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Galvanising Change via Natural Capital

This research explores if and how the concept of 'Natural Capital' can influence decision-making in support of sustainability and a Just Transition.

Across many sectors, decision-making and planning processes have typically not prioritised or consider nature as important. As a result, nature continues to be degraded.  One response to this challenge is the concept of 'Natural Capital' - the stocks and flows of services arising from nature. Many hope that by highlighting the ecosystem services provided by nature (such as carbon sequestration, pollination, flood risk management) and the quality of underlying stocks or assets (such as soil), nature will be better appreciated and protected in future plans and decisions.  It may be especially important and influential for actors who hitherto have not seen themselves as having a role to play in conserving the environment.  Accordingly, the Scottish Government currently cites Natural Capital as relevant to managing climate change, biodiversity, and post-COVID economic recovery

It is important to understand more about the potential approaches and consequences of working with Natural Capital concepts and framings, to understand when and how it influences decision-making.  This project, which started in April 2022 and runs until March 2027, therefore aims to provide insights as to if and how Natural Capital data and approaches can help enable and embed transitions to sustainability. A one-page summary of this project's work and methods is available here.

Our work balances attention across the following:

  • Reviewing international examples of the use of Natural Capital in policy-making.
  • Transdiciplinary work with policy peers to analyse how Natural Capital is or could be used in Scottish policy processes.
  • Evaluating opportunities and consequences of markets and blended finance for natural, economic, human and social capital.
  • Building understanding of how private sector actors may be motivated or enabled to support nature-based solutions via Natural Capital.
  • Sharing and discussing insights with academic and non-academic stakeholders within and beyond Scotland.

Outputs from this research

Project reports and deliverables

  • In summer 2022 we carried out a stakeholder analysis to help inform this project's plans - this is the first milestone from our project, available here.
  • In September 2022 we established our protocols for our searches of examples of natural capital being used in policies and in finance (these protocols are respectively milestone 1.1 and milestone 1.2 from our project). Click on the hyperlinks to the Milestone names for more information about these search plans. We expect our search approaches to evolve as we work and in future will publish significant updates here.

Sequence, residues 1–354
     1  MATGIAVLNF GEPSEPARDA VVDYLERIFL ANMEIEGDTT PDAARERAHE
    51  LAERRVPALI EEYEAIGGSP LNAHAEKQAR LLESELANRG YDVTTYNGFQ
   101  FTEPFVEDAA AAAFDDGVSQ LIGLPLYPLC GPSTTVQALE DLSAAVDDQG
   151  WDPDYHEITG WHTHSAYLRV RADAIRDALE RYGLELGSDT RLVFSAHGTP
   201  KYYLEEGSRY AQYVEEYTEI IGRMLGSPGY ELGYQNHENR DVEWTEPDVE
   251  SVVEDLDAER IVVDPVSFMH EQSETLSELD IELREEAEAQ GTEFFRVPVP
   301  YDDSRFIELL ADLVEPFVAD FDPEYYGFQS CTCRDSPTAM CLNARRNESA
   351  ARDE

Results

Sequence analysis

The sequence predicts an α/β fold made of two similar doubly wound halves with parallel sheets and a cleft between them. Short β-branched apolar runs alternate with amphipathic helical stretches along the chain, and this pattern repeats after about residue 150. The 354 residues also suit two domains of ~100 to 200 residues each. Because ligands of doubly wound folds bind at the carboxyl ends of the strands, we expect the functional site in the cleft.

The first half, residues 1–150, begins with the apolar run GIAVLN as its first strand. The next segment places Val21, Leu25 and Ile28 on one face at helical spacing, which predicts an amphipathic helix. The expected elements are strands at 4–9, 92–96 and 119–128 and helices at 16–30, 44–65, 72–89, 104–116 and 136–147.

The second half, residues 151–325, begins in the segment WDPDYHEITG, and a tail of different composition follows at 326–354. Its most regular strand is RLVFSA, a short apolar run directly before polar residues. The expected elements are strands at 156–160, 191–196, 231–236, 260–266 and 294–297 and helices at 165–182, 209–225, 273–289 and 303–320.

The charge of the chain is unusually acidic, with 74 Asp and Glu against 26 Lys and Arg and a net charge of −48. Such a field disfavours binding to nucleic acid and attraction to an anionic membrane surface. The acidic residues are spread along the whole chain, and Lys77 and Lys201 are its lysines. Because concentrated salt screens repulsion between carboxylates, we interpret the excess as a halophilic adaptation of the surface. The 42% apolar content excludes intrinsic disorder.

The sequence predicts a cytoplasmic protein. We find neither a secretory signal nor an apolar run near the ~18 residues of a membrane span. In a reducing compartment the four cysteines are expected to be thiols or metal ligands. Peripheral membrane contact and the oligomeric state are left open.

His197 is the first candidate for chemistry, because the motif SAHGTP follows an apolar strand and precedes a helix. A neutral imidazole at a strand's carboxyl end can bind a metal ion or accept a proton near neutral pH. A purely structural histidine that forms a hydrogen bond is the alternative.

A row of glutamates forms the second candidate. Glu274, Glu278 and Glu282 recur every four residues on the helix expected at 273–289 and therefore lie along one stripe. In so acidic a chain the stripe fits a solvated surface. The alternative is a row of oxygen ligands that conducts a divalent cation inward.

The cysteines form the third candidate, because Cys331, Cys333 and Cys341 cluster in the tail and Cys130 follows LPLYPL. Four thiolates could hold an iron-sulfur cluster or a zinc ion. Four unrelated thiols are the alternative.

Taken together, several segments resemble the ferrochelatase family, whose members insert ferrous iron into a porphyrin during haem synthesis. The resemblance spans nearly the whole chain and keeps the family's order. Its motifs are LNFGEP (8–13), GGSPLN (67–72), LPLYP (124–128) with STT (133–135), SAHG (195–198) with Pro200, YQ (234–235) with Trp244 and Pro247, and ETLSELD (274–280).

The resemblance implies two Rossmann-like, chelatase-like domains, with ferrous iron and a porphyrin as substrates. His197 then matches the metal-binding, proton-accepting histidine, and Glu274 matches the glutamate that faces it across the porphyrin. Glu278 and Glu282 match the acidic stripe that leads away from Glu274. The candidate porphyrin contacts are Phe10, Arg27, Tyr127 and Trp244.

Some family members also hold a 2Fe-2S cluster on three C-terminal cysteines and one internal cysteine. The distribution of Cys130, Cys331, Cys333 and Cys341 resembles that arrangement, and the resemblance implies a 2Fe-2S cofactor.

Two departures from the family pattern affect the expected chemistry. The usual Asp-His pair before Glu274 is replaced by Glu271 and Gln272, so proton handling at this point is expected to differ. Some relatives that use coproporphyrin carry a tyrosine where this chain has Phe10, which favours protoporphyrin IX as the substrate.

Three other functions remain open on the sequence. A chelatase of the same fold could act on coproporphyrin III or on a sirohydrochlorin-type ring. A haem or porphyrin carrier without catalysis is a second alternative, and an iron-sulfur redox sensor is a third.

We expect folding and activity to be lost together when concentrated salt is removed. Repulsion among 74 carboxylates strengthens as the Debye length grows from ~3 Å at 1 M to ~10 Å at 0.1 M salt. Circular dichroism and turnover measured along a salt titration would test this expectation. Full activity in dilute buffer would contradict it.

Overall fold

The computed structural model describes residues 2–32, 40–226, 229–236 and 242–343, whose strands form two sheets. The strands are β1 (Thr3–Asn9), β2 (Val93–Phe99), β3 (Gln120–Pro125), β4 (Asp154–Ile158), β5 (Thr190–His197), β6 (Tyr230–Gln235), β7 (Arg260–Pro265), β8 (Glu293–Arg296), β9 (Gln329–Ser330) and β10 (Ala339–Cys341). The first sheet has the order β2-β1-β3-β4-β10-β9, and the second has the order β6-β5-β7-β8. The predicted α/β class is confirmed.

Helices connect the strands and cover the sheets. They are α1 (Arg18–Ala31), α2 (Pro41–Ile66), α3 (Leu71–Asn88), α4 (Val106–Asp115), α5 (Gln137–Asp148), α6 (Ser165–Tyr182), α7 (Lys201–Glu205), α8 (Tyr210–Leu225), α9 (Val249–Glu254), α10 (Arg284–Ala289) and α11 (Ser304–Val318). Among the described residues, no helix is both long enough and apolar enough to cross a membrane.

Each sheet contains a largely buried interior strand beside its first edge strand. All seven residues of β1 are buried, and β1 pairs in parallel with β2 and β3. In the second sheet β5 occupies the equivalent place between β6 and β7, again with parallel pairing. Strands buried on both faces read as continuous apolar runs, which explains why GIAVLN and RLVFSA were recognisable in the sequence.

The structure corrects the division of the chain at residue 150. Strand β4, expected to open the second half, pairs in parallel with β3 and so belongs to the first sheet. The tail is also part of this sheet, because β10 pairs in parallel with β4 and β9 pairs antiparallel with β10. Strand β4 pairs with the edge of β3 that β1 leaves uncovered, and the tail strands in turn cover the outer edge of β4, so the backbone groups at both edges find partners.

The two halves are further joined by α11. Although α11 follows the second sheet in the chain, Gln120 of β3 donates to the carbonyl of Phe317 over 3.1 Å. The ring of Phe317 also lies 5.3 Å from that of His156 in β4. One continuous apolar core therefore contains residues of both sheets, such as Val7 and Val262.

Conference presentations and sessions

  • In July 2022, Kerry Waylen presented some early reflections on the challenges of researching and seeking to achieve change with Natural Capital at EASST 2022, the conference of the European Association for the Study of Science and Technology, Madrid, July 6-9th. Click here to download the slides.
  • In August 2022, Kerry Waylen and Chris Short (CCRI) convened a two-part session "Getting to Grips with Natural Capital: Trap or Tool for Transformations to Sustainability?" at the annual international conference of RGS-IBG (Royal Geographical Society and Institute of British Geographers). Project member Hannah Rudman also presented within this session.  A 4-page summary of key themes discussed is available here.

Staff involved and key contacts

The project is a collaborative effort between the James Hutton Institute (JHI) and Scotland’s Rural College (SRUC).  The Project PI is Kerry Waylen Kerry.Waylen@hutton.ac.uk.  Other Hutton staff involved are Alice Hague, Esther Carmen, Simone Martino, Stanislav Martinat and Ishaan Patil.  The SRUC staff involved are Alistair McVittie, Mark Reed and Hannah Rudman, Co-directors of SRUC’s Thriving Natural Capital Challenge Centre.

This project is funded by the Scottish Government RESAS Strategic Research Programme (SRP) 2022-27. It is project 'JHI-D5-3' within the Natural resources Theme.

Project Information
Project Type: 
Active Project

Research

Areas of Interest


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The James Hutton Research Institute is the result of the merger in April 2011 of MLURI and SCRI. This merger formed a new powerhouse for research into food, land use, and climate change.